"Attacks targeting specific organizations usually involve people with axes to grind, political agendas or who want specific information," McFarlane says. "We don't know much about crimes committed for financial gain because the victims don't talk about [those]. Smaller companies usually don't see targeted attacks. They are typically victims of [much more numerous] random attacks." But the cost of being even an innocent bystander is high, especially if one wants to prosecute the offender.

"It costs a minimum of $500,000 to do complete forensics on a breached Web server," says David Aitel, founder of Immunity Security. Aitel, an alumnus of security consultancy @ Stake and the National Security Agency, is familiar with the forensics procedures necessary to secure a conviction of a cybercriminal. And, it's expensive. His fee is $3,000 per day to find out what happened and trace who did it. "Then you're looking at preserving chains of evidence, calling in the FBI... It makes more sense to avoid getting hit in the first place," Aitel says, adding he can usually tell when a customer is serious about security.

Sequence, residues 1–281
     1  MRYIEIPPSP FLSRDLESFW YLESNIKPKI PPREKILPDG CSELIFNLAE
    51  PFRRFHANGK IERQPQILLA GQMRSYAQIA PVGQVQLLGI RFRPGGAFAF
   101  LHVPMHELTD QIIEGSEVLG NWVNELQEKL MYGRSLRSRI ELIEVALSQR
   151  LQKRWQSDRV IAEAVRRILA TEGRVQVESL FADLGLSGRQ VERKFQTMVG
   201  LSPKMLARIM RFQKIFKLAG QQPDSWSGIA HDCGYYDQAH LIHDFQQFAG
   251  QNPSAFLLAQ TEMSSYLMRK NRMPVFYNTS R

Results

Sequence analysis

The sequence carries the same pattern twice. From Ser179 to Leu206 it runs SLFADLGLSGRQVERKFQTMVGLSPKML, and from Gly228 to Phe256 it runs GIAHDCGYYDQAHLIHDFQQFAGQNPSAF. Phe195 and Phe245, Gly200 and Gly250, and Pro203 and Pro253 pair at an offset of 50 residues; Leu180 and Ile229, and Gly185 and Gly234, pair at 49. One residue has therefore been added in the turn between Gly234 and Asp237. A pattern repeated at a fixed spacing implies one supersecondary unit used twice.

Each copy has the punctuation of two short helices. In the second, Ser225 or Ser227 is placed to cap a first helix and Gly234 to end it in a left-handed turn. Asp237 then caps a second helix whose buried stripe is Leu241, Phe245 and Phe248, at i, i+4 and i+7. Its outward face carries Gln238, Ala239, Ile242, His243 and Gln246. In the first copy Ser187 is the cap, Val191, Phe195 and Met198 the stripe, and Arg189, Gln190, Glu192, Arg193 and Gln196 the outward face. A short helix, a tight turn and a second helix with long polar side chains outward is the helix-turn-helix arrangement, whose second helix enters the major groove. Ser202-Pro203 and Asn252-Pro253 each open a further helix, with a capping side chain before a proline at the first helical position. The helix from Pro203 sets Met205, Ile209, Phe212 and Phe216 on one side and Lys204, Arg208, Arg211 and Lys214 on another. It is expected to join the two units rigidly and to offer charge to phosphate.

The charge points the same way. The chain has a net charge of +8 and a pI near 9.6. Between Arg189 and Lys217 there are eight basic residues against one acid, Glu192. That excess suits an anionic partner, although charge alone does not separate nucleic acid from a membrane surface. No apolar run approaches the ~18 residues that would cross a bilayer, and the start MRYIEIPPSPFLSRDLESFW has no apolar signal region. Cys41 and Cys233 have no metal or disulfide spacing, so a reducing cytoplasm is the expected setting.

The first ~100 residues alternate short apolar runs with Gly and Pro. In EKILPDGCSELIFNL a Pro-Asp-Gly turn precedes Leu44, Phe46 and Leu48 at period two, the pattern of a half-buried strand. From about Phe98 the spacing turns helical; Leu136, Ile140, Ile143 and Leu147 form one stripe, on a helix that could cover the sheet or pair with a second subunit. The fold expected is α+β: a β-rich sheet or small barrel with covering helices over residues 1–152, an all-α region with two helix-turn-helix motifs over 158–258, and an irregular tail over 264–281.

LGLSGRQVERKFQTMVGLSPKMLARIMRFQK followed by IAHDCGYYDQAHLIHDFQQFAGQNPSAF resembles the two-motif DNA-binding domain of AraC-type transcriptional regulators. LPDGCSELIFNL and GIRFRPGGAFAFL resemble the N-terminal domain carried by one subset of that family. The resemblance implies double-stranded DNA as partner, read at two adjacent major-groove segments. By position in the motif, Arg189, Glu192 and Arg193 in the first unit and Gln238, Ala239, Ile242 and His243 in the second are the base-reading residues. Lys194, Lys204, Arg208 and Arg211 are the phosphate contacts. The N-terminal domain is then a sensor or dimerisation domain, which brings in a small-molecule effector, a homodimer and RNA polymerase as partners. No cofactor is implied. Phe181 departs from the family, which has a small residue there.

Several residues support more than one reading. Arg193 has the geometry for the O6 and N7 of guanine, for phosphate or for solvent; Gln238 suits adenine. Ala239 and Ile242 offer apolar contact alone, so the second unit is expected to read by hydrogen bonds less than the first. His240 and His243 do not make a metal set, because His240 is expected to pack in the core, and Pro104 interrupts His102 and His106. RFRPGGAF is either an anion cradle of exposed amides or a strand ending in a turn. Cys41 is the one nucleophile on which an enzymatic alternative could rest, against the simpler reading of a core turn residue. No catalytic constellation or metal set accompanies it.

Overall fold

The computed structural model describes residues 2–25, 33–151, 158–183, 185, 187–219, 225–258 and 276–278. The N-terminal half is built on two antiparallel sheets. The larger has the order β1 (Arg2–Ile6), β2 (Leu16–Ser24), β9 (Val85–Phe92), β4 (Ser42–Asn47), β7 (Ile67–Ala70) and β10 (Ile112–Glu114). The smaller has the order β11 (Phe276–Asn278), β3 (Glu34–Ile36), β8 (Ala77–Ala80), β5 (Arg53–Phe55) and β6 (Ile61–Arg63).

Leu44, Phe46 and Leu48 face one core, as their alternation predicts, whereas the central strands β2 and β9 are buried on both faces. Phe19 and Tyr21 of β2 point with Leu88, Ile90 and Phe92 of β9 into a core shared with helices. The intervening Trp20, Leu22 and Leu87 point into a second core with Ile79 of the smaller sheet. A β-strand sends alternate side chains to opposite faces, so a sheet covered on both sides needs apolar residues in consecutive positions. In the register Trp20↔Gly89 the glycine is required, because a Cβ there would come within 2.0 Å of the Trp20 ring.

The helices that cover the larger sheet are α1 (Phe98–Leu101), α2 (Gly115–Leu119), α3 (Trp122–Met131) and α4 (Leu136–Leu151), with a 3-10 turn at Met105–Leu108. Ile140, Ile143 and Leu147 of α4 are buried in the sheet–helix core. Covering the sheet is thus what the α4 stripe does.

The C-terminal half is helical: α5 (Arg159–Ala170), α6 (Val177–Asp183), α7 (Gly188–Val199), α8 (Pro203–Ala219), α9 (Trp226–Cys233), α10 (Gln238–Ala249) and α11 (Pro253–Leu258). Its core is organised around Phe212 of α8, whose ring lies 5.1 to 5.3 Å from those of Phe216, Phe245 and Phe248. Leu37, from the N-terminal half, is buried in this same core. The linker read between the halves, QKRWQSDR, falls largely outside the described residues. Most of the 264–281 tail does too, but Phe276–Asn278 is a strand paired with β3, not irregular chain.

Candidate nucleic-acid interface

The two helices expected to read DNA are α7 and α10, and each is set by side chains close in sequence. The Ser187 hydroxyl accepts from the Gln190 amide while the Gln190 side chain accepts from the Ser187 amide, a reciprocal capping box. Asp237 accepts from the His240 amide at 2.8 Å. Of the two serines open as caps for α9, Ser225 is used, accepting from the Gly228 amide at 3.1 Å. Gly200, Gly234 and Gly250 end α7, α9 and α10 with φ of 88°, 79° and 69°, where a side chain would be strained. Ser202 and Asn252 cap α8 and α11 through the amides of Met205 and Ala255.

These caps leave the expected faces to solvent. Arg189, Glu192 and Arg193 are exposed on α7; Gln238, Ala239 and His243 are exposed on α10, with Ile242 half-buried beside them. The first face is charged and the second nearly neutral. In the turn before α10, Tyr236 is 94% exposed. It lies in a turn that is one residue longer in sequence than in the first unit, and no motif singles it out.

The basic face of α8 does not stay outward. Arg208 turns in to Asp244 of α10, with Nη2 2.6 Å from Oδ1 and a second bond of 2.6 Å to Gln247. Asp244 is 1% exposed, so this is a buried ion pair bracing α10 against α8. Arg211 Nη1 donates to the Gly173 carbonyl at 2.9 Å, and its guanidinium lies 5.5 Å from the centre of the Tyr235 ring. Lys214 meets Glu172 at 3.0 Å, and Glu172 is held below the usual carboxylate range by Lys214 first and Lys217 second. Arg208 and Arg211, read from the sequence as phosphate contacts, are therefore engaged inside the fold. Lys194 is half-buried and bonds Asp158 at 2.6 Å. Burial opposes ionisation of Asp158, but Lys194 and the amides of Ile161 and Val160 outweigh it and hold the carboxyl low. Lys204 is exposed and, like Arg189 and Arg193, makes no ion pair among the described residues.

"Good customers have made their technical security decisions up front and have policies about what they allow where. Some say, 'No Windows 98 in the DMZ' [demilitarized zone, or isolated mission-critical systems]. But very few companies eliminate platforms that have been compromised...Insecure platforms are a large component of total cost of ownership. The productivity loss of constantly applying all those patches is one TCO factor. If you do get hit, TCO goes through the roof. It makes business sense to say, 'We won't have SQL Server in our critical systems.'"

It's impossible to neglect IT security any longer. Shareholders and partners demand accountability for adequate security. The bad guys are legion and proliferate by the second. As a result, every business needs to review, update and maintain its practices.

David Hakala ( is a freelance writer specializing in technology.

Virus Damage Estimates
Melissa $80M
Slammer $750M
Code Red $2.5B
I loveYou $2.6B to $10B

Cap Gemini Ernst & Young
New York, N.Y.,
Cisco Systems
San Jose, Calif.,
Immunity Security
New York, N.Y.,
Internet Security Systems
Atlanta, Ga.,
Nemx Software
Ottawa, Ontario,
Burlington, Ont.,